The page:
In November, we released functionality that allows Modern Treasury to connect with general ledger systems in real-time and introduced it as a class of features called Continuous Accounting. We’ve now expanded support from QuickBooks to NetSuite with the open-source library LedgerSync. In this post, I want to share why we believe Continuous Accounting is so promising, and why we are investing so heavily in it.
Management teams and investors need a clear understanding of business fundamentals in order to make good decisions. When companies run into trouble, it is often because a financial issue is left unnoticed and unresolved until it is too late. When an external crisis hits, such as with the recent economic shocks brought about by the COVID pandemic, companies have an even shorter timeline to make decisions and need to be able to rapidly react, ideally relying on the best, most up-to-date data.
Yet the tools of payments, finance, and corporate governance are too often limited by batch processes. Batch processes are central to how computers work, in which computers work through a given set of tasks at a regular and predefined interval. These batch processes happen in many places, but it is worth walking through a few examples:
- At the lowest level of a single payment, the ACH system is itself a batch system. Banks receive daily batch files, process them overnight, and return daily files the next morning.
- At the operating level, the payment operations teams deal with batches when they process daily “payment runs” out of ERP systems and upload those to the bank. Someone takes all the approved invoices for that day, and sends them to the bank to process at once.
- At a management level, economic activity is reported on a monthly basis after a manual month close process handling the “batch” of one month at a time.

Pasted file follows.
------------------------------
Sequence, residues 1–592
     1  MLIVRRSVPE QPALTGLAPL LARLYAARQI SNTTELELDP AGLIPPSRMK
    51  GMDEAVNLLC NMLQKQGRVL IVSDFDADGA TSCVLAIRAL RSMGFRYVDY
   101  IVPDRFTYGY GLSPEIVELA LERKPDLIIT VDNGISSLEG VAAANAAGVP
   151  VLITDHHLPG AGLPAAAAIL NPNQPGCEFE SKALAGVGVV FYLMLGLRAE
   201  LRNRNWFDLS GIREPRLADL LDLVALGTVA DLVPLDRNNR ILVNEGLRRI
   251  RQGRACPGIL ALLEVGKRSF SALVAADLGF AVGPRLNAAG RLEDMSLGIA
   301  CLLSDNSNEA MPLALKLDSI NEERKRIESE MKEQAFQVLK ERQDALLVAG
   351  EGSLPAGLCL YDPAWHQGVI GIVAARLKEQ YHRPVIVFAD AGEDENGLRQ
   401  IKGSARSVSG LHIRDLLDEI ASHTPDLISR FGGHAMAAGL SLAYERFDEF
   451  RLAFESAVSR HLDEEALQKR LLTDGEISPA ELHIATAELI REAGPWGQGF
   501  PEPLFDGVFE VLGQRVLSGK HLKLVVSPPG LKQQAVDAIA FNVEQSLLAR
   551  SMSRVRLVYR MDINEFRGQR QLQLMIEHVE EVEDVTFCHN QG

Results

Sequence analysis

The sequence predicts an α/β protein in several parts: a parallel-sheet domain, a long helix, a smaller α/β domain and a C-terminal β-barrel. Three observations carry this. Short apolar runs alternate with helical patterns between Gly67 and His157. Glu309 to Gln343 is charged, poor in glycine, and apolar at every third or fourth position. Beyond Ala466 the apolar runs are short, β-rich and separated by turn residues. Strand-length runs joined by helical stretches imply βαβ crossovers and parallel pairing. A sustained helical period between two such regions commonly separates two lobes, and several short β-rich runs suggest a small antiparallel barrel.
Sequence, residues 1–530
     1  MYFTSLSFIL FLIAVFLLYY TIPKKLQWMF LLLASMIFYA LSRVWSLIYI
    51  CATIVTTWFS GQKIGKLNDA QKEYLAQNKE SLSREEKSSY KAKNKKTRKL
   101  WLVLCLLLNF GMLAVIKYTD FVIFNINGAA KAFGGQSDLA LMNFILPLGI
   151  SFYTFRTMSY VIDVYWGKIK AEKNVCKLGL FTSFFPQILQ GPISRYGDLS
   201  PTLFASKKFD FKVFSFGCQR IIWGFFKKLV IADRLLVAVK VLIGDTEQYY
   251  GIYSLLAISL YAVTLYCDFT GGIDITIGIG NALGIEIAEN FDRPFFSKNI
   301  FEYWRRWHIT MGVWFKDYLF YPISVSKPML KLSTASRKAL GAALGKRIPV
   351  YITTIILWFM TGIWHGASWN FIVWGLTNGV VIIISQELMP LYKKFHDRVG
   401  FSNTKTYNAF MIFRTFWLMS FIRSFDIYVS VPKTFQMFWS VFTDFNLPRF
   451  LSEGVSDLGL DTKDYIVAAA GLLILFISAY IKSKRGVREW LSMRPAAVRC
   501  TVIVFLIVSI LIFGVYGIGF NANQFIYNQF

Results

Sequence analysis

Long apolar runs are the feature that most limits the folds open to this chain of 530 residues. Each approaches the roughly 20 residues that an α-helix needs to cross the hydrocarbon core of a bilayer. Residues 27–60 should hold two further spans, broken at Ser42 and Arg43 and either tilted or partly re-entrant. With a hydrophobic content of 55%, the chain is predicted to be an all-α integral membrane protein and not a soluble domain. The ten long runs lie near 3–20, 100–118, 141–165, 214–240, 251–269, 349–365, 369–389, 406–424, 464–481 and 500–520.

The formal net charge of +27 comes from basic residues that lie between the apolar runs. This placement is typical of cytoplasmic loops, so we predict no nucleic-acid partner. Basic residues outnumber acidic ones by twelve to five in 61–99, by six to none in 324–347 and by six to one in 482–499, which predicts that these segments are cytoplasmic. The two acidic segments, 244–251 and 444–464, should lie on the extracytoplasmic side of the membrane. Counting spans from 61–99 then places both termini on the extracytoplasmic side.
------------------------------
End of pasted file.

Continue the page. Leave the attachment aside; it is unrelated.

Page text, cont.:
- Finally, at a corporate governance level, companies report to investors in batches of quarters (in 10-Q statements) or years (10-K).
Modern APIs work in real-time: instead of a daily batch, data can stream continuously throughout the day. With modern APIs, it is possible to have every single payment, when first originated, carry with it the accounting treatment that the payment should receive when it is successfully executed. For example, using accounting categories, Modern Treasury can reconcile credits or debits on a bank statement and immediately sync it with a company’s General Ledger. To walk through the four batch levels above:
- Instead of a batch ACH file, Real Time Payments happen 24/7/365 and settle in real time.
- At an operating level, instead of handling daily payment runs from an ERP, an API handles each payment individually as it happens.
- At a management level, accounting software can produce real-time reports true to the status of all payments rather than having to rely on a manual monthly close.
- Finally, at a corporate level, rather than having books reported once a quarter or once a year, there can be a live dashboard showing the real-time status of a business. At Modern Treasury, we often call that vision the “instant 10-K.”
With modern APIs and cloud connectivity, old batch processes will be replaced with continuously streamed payments data that are booked as they happen.
As this transition occurs, some systems can remain batch-based while others move to real-time. For example, a company such as Uber or Lyft can use ACH for corporate expenses but make driver payouts in real-time.
These systems need not switch in lockstep. For example, Great Britain introduced the Faster Payments Service in 2008, and the British version of ACH, known as BACS, still had almost three times the volume that Faster Payments did ten years later.  The systems to initiate, reconcile, and book transactions can move to real-time even while some of the underlying systems remain batch processes.
The promise of this transition to real-time payments is that companies will have better, more up-to-date data at all levels of the organization. This enables better decision making, complete transparency, and greater trust throughout the system. This is not the status quo for accounting today. Much of an accounting professional’s time is spent double checking on payments, following up on past invoices or expense reports, and auditing after the fact to ensure accuracy. It doesn’t need to be that way. With great software, accounting can be made more sound, more efficient—and perhaps most importantly, more trustworthy.
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